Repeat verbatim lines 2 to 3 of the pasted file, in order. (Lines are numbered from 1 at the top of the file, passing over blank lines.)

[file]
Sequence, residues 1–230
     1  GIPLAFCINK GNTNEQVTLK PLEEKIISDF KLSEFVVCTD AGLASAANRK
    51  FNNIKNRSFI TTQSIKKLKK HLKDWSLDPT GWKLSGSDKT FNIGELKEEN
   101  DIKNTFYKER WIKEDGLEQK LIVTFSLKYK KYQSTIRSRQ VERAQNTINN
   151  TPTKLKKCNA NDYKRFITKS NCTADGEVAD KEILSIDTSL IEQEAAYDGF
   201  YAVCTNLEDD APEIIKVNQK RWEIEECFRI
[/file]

     1  GIPLAFCINK GNTNEQVTLK PLEEKIISDF KLSEFVVCTD AGLASAANRK
    51  FNNIKNRSFI TTQSIKKLKK HLKDWSLDPT GWKLSGSDKT FNIGELKEEN